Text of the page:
top of page


Many cyclists turn to sports drinks for energy before, during and after exercise. While these beverages may supply electrolytes and carbohydrates, they’re often highly processed and don’t contain many nutrients. 

Coconut Water is recommended and is easily available in most places along the route. You can fill your sipper bottle with this and keep sipping along the ride.

Natural coconut water contains five key electrolytes: sodium, potassium, calcium, magnesium, and phosphorus. Coconut water while good for hydration, cannot provide you with enough sodium, especially on long rides. In this scenario, an occasional sports drink is recommended.


Natural Fruit juices can deliver nutrients that are easy to absorb while helping to keep your sugar levels balanced. Juice can also help with hydration. Adding water to your juice can help your stomach empty and re-hydrate you more quickly.

Milk drinks have long been favoured by randonneurs during and after the ride. It contains a healthy balance of hydration, carbohydrates and protein. Don't have anything dairy-related if you have a weak gut.


Fluid and energy intake during Audax riding is essential for controlling body temperature and sustaining endurance. Carbohydrates, fat, protein, vitamins and minerals need to be consumed. Insufficient caloric intake can lead to fatigue, weight loss, and impaired physical performance.

Your caloric intake should comprise:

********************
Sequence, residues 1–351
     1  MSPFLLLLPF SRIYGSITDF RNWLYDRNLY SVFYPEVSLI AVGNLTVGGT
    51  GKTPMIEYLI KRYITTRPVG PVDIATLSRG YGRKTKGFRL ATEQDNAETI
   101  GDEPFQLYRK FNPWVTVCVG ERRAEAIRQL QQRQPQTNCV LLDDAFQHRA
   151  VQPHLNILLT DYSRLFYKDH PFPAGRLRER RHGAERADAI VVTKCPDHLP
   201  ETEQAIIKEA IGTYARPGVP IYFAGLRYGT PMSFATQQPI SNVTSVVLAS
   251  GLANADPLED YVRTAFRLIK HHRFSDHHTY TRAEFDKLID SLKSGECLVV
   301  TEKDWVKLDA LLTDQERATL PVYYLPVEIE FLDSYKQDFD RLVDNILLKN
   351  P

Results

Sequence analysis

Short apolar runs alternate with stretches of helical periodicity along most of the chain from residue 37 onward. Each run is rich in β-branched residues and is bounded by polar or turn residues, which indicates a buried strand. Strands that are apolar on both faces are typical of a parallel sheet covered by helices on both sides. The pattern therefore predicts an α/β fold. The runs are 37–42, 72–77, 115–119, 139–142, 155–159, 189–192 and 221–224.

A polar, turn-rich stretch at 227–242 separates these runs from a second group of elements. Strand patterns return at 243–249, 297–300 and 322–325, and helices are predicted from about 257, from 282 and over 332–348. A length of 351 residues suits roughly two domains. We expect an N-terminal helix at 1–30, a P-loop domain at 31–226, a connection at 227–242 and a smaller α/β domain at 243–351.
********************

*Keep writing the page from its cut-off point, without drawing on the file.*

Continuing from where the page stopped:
• 60 to 65 percent from carbohydrates

  • 10 to 15 percent from protein

  • 25 percent from fat

Typically, the body can absorb around 60-90g of carbohydrate per hour.


Over time you will discover what “works” for you – and what doesn’t.

Audax riders typically rely on food that is readily available at checkpoints. In small country towns that means bakeries and cafes during the day and if riding into the evenings, rice and idlis are go-to foods. Some riders carry sports nutrition such as gels, bars, chews and electrolytes, others more ordinary food, like peanut butter/jam sandwiches or cereal bars. It is a personal preference for whatever carbohydrate-rich food you find easiest to eat.

  • Carbohydrates that break down easily include: rice, porridge, pasta, idlis, semige, sanna.

  • Proteins that are easily absorbed include: eggs, chicken, fish and curds.

  • Healthy fats include: dark chocolate (70% min), nuts, full-fat dairy products. your fat intake should come from fresh and natural foods, and not the refined, processed ones. 


bottom of page